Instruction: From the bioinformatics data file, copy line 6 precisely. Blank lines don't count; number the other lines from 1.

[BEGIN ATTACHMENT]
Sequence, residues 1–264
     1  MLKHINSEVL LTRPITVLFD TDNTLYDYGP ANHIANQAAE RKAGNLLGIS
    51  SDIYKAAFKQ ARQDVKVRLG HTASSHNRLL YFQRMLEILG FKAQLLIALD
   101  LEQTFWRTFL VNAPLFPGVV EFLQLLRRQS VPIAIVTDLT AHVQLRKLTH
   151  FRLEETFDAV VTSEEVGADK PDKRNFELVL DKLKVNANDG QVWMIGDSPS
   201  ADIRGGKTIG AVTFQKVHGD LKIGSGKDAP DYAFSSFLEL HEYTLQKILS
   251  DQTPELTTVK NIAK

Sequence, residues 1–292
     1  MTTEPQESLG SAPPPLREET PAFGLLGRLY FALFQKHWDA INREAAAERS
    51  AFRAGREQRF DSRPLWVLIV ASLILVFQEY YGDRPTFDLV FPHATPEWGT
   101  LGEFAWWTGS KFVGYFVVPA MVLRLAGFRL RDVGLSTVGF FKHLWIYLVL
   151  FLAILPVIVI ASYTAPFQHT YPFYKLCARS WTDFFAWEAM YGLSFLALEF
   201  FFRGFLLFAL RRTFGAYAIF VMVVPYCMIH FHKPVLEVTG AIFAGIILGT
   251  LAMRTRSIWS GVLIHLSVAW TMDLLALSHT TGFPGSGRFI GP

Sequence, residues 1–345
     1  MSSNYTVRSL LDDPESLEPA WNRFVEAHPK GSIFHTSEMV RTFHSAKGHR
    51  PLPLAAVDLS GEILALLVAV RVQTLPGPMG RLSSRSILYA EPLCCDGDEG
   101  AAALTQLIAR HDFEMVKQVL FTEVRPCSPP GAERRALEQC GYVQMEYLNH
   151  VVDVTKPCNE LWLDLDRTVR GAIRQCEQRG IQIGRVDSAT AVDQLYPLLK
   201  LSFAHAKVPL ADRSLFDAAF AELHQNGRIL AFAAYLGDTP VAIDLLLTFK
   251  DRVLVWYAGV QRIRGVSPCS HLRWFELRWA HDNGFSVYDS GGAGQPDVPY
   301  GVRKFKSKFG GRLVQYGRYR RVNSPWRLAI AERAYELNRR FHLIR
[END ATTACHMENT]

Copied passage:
   201  ADIRGGKTIG AVTFQKVHGD LKIGSGKDAP DYAFSSFLEL HEYTLQKILS